My partner in crime Audrey and I have been struggling her son’s depression, and pharmaceutical pill addiction for a couple years now. This is not the type of thing you plan for, and when it happens, your response involves keeping it as quiet as possible when it comes to friends, family, and the public. Nobody wants to be that family, but when you suddenly find out that you are, you find there is no magic fix, you have to work hard to find a solution that works for your situation.
Over the last couple of years, we have moved him from Oregon to Wyoming, back to a different part of Oregon, and then ultimately to California where we live. Last summer we put him into rehab in California, where he soon graduated to a sober living facility. He seemed to be doing well, but then last week he showed up at home, as he had been kicked out of the program. Shortly after settling in he also admitted he was using again, and we all found ourselves back at square one.
What do you do? Can’t we afford rehab again? Can’t we afford to move him again? And personally, I can’t have a junkie living in my house, because I used to be one myself. I was definitely a different breed of junkie then what I am seeing today, but in the years between 1993 and 1997, I was heavily using Heroin, Cocaine, LSD, Ketamine, Mescaline, and most other things I could get my hands on, except I hated speed, and ironically pharmaceuticals. I’ve been clean for 20 years, there was no way in hell, I was going to live with a junkie.
With no options left, I set out to do for him what I did for myself 20 years ago. We rented a car, loaded up what we needed and headed into the mountains to get him as far away as we could from any pharmaceutical drugs. We live in Los Angeles so we headed into the Sierra Nevada mountains, where we found ourselves in Yosemite, and eventually Nevada. As he detoxed, I set out planning the next six months of recovery for him, using some of the same techniques I applied in my own world, but with more of a 2016 spin.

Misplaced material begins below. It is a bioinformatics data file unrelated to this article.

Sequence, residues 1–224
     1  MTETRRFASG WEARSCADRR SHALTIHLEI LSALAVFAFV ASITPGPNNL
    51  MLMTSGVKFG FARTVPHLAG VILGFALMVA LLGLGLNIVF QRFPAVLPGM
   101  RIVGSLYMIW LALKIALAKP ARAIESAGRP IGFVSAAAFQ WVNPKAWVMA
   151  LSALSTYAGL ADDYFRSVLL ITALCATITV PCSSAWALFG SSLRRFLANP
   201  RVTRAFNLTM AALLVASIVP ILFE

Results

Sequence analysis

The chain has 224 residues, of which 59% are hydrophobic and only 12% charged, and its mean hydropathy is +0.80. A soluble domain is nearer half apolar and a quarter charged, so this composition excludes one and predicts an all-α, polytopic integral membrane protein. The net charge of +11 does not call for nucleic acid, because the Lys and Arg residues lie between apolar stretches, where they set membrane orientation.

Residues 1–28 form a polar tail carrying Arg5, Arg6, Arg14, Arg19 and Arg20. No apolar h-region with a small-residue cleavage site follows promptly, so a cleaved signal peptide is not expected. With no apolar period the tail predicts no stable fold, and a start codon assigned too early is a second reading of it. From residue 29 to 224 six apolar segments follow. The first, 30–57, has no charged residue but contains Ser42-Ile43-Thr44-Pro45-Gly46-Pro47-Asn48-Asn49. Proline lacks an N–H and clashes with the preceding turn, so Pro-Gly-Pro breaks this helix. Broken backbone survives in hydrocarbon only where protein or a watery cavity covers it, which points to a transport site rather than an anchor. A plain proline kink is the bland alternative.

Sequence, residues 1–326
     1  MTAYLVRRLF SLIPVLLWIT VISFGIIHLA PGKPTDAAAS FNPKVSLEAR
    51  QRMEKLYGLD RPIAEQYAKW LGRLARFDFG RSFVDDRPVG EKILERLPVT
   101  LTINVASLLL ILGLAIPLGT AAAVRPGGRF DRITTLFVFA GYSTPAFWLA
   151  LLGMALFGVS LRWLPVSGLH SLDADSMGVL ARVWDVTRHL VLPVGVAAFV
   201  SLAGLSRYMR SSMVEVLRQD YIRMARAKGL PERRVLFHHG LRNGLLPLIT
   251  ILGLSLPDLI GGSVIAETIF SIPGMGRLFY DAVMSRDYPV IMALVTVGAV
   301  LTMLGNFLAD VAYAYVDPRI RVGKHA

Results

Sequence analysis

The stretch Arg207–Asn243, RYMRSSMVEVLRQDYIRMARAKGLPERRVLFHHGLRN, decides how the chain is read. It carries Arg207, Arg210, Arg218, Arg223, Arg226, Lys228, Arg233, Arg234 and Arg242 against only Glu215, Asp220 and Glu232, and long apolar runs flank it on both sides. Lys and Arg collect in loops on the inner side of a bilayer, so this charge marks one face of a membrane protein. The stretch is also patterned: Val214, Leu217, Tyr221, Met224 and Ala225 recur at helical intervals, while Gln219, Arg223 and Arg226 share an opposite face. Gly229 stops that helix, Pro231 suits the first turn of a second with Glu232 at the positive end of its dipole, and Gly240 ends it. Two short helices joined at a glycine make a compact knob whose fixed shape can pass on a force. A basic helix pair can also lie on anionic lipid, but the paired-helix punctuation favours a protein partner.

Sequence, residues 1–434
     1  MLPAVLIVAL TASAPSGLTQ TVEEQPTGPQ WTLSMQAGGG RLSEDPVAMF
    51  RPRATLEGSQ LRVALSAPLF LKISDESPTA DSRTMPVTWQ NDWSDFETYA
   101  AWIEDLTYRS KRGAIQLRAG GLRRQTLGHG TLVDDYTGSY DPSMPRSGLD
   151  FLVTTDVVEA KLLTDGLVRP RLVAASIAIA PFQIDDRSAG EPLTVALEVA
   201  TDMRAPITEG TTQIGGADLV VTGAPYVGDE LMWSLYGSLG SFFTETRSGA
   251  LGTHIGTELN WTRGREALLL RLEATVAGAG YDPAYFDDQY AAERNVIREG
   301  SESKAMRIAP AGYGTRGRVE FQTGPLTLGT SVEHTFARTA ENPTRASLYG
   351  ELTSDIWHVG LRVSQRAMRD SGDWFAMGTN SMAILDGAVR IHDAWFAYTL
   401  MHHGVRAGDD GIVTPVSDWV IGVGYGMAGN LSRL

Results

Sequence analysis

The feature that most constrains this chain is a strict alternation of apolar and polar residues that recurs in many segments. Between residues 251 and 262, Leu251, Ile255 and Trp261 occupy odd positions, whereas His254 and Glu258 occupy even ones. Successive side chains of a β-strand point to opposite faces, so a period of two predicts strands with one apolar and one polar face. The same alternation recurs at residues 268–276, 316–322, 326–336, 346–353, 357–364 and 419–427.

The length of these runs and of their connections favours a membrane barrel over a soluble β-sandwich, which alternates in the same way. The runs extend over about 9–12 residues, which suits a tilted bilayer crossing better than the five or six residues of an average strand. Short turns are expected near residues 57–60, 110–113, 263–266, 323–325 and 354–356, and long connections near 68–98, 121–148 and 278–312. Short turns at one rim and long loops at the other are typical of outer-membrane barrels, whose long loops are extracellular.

It is clear we need to make more of an investment in him if we are going to actually get the results we are looking for, and big changes will be necessary. I will be stepping away from my work completely for at least the next six months, probably upwards of a year. It isn’t something we can afford, but it is also something we can’t afford not to do. I understand that this will have a big impact my business partners, and my clients, but this is the priority.
I will spend the next six month hiking around the west coast, which I know well, some of the same trails I used to find my own sanity 20 years ago. We will be clearing trails, and documenting what we do, and what we see via GoPro, Phantom Drones, and our journals. You can find our story at dronerecovery.org, where my partner in crime, and his mother, will be publishing photos, videos, and stories from our journey.
There will be no rest for the wicked as they say. I will keep us moving every day with a new place to go, a new challenge, and plenty of work along the way to keep both of us occupied. Until some day, he is strong enough, confident enough, and healthy enough to do it all on his own.